Media Releases

Important news for GPs

28 Nov 2022

A recent paper published in The Journal of Allergy and Clinical Immunology this month found no evidence that a step-up to high-dose ICS is effective in preventing future asthma exacerbations. The Medical Republic published these findings on 21 November 2022 in the article ‘No breath of relief for asthma patients’, with our spokesperson Professor Peter Wark highlighting that GP’s need to be aware of the following: 

  •  “These new findings call into question the current approach of stepping up to high-dose inhaled corticosteroids, based on worsened asthma symptoms or exacerbations alone."
  • Most people with asthma should be able to achieve good asthma control on low dose or medium dose inhaled corticosteroids, alone or in combination with a long acting beta agonists. Either in a fixed dose or as maintenance and reliever therapy with inhaled corticosteroid/formoterol.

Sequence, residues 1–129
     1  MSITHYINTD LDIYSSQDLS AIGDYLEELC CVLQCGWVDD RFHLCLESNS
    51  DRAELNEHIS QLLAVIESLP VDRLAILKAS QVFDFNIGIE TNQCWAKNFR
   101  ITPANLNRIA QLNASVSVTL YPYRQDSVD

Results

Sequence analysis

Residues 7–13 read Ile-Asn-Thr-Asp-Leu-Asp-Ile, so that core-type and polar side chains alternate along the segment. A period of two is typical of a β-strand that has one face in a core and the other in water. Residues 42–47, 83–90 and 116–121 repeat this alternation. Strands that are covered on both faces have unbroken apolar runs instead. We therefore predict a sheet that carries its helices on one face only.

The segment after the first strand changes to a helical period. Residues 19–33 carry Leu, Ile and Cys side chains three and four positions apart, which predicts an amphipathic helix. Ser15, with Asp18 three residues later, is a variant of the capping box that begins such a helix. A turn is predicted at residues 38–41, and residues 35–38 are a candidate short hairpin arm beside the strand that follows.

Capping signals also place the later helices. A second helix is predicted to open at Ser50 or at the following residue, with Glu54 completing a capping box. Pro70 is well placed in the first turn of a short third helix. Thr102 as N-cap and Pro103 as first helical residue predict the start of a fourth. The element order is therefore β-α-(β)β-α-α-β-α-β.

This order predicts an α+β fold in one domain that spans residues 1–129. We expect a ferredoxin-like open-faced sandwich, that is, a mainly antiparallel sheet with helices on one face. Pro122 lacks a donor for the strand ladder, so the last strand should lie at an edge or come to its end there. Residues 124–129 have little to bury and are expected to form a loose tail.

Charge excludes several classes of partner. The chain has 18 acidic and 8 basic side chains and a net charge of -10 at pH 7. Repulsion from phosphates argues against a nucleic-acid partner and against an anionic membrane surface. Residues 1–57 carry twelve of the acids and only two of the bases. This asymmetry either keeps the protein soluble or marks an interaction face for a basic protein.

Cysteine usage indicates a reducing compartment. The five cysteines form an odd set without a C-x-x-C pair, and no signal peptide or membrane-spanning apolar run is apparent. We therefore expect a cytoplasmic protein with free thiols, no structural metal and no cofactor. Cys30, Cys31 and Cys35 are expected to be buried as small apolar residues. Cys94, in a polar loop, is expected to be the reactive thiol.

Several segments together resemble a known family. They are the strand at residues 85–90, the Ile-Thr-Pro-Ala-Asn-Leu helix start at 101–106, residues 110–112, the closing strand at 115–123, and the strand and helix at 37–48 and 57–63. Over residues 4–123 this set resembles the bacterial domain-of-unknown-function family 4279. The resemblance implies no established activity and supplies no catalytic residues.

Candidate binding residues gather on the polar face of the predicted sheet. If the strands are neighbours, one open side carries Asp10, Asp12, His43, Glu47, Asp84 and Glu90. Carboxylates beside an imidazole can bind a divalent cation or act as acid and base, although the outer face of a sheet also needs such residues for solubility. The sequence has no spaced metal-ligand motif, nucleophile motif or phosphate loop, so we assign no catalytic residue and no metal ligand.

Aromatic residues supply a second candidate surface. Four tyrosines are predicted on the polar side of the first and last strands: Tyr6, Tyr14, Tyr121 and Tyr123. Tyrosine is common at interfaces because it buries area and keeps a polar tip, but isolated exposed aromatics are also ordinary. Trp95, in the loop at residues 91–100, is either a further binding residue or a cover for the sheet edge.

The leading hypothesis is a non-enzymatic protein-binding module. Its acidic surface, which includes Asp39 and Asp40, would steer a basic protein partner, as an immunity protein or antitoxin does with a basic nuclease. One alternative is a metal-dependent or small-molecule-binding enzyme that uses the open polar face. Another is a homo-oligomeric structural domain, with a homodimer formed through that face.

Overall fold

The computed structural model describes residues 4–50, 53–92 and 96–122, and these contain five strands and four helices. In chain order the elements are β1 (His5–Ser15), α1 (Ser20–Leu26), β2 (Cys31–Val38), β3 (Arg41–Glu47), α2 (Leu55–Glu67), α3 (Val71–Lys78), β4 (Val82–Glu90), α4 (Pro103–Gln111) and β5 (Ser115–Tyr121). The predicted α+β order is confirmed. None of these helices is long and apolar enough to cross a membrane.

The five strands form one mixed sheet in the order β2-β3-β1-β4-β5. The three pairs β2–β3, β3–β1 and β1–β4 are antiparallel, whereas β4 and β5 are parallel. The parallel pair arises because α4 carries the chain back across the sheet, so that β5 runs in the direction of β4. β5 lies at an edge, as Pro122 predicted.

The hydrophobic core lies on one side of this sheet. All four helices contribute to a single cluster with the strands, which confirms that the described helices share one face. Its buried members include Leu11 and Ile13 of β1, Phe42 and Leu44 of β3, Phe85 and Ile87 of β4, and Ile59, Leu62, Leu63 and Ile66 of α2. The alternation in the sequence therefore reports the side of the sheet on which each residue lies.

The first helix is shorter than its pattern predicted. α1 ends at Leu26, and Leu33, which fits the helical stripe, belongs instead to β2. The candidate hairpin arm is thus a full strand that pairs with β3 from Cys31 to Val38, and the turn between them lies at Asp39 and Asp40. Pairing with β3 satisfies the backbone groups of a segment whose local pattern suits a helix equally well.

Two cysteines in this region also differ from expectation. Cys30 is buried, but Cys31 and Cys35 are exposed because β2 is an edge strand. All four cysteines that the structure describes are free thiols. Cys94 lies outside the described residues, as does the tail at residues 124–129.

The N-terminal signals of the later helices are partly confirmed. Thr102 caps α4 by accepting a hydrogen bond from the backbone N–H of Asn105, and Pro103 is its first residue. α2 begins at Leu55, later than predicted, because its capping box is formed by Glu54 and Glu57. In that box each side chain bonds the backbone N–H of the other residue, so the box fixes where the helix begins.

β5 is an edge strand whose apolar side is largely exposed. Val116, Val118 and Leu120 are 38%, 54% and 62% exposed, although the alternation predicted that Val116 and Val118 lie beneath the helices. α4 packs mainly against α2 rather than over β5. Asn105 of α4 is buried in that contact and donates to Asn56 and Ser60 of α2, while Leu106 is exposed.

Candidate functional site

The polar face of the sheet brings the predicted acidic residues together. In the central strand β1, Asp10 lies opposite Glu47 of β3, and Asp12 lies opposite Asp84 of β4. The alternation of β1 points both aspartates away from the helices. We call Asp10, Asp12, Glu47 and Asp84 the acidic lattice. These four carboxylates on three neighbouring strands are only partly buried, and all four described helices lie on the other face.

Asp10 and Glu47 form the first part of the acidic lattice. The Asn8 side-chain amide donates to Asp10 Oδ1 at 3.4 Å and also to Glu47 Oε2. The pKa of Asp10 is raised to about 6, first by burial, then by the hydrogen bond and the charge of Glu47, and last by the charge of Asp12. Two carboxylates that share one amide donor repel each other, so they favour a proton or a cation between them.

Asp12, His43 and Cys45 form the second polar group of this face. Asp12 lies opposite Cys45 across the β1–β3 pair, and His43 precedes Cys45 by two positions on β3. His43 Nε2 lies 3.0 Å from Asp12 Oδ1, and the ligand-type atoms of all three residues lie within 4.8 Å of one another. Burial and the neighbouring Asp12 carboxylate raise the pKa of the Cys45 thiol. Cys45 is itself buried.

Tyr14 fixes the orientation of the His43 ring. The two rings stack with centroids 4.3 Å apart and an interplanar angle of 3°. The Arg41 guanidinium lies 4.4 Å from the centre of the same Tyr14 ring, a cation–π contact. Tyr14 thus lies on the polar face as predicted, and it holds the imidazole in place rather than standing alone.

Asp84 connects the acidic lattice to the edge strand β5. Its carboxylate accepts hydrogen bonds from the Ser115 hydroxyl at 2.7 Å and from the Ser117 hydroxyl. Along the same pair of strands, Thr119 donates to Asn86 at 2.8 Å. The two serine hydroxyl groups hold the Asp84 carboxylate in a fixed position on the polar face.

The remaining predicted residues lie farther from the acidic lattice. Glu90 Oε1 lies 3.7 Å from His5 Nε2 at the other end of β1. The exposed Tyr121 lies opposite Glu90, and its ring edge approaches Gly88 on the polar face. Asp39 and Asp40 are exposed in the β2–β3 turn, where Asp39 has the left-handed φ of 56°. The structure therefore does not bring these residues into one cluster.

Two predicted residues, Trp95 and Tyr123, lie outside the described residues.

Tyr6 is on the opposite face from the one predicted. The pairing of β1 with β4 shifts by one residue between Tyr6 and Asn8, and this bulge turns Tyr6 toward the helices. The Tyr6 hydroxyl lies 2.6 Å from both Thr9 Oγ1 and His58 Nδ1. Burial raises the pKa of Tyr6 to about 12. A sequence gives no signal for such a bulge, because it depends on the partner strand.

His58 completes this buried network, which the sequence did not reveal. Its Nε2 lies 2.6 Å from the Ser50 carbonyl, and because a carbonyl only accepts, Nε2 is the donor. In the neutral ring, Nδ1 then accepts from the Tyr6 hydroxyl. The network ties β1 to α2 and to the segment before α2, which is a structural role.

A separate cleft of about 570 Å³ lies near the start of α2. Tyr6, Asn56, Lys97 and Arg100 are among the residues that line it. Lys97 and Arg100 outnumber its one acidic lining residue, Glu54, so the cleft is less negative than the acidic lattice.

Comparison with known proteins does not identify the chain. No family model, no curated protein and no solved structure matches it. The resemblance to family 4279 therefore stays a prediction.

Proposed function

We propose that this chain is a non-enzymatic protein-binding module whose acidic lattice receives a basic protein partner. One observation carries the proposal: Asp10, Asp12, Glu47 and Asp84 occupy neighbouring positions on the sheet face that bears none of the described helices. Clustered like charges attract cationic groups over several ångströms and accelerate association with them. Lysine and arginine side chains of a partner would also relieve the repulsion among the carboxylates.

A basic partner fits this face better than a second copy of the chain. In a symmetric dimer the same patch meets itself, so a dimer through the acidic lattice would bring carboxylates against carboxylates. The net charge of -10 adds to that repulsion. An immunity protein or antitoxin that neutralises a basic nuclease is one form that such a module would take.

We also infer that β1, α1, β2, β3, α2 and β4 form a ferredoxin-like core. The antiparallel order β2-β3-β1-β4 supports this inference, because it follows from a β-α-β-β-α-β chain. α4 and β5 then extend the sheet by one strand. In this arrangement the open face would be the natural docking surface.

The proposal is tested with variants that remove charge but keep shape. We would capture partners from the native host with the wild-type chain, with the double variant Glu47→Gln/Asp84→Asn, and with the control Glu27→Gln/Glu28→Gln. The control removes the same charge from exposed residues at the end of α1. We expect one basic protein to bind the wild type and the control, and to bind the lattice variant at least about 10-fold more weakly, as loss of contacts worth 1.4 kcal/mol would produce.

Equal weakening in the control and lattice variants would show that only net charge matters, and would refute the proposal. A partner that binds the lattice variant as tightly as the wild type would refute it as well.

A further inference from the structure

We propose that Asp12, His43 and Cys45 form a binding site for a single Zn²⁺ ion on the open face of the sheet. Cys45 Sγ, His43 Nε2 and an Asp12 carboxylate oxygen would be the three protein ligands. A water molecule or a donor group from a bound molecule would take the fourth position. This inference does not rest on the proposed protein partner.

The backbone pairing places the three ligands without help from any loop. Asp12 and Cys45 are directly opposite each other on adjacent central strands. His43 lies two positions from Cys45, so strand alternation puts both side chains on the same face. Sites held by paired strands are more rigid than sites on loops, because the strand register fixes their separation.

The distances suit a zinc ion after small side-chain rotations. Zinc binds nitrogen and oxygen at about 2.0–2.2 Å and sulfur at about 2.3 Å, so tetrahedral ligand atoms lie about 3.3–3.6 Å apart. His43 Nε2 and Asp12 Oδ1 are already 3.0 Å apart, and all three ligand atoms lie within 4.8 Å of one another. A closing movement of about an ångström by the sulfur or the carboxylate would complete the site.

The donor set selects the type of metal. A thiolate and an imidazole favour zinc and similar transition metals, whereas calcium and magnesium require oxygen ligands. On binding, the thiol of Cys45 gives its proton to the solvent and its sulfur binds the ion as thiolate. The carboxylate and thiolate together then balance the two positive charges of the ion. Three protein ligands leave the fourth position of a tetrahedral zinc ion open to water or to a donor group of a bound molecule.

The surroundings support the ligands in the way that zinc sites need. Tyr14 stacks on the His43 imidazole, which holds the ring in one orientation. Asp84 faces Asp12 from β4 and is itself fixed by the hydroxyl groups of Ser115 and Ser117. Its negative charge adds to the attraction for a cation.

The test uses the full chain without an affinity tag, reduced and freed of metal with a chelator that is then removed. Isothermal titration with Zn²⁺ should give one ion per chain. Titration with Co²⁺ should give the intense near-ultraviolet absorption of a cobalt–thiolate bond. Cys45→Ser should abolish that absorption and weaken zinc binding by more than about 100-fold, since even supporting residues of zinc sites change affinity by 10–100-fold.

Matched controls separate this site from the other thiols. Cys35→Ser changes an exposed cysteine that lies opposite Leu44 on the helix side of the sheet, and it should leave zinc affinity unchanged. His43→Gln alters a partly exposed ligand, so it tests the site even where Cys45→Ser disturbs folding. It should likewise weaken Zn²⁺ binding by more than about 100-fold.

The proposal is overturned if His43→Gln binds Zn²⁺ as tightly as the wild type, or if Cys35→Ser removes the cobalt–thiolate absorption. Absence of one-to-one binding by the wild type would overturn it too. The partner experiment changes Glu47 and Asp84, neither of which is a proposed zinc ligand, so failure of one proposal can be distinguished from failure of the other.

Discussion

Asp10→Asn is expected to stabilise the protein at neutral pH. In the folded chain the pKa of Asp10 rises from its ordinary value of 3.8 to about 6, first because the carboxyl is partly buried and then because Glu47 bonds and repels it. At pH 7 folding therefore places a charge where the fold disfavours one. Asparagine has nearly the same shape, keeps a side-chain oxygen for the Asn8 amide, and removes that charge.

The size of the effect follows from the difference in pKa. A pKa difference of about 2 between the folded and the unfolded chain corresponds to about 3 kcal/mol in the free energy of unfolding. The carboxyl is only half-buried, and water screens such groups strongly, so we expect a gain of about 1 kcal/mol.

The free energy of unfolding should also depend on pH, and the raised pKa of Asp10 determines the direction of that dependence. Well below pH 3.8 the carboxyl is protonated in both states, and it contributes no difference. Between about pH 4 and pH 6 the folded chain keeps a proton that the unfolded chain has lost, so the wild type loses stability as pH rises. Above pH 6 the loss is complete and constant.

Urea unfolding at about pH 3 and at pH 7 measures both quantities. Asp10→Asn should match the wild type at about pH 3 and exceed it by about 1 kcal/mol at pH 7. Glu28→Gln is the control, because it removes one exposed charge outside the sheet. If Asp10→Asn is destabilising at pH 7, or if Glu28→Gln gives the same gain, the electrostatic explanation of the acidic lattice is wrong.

• Few people benefit from stepping up to high dose corticosteroids. Those who continue to have poor asthma control and uncontrolled inflammation (in this study measured by elevated blood eosinophils) may be the exception.
  •  “The NAC guidelines look at phenotypes in step five of treatment. The results from these findings (published in November 2022) suggest it needs to be considered earlier.” 
  •  “GPs should instead look at phenotypes in step four of treatment – identify the nature of the problem and the patient’s phenotype (high type 2 inflammation, high blood eosinophils or exhaled nitric oxide) might benefit from high dose inhaled corticosteroids, but there is strong evidence now that a referral to a specialist for a biologic is very effective in these patients.”
  • In those with symptoms, especially with persistent airflow obstruction on spirometry, but not evidence of type 2 inflammation, the addition of a LAMA (long acting antimuscarinic) is a better option.

Read the article ‘No breath of relief for asthma patients’ here

Access the paper, ‘Effect of stepping up to high-dose inhaled corticosteroids in patients with asthma: UK Database Study’ here

Access the Australian Asthma Handbook

Version 2.2 is the latest version of the Australian Asthma Handbook and was published in April 2022.

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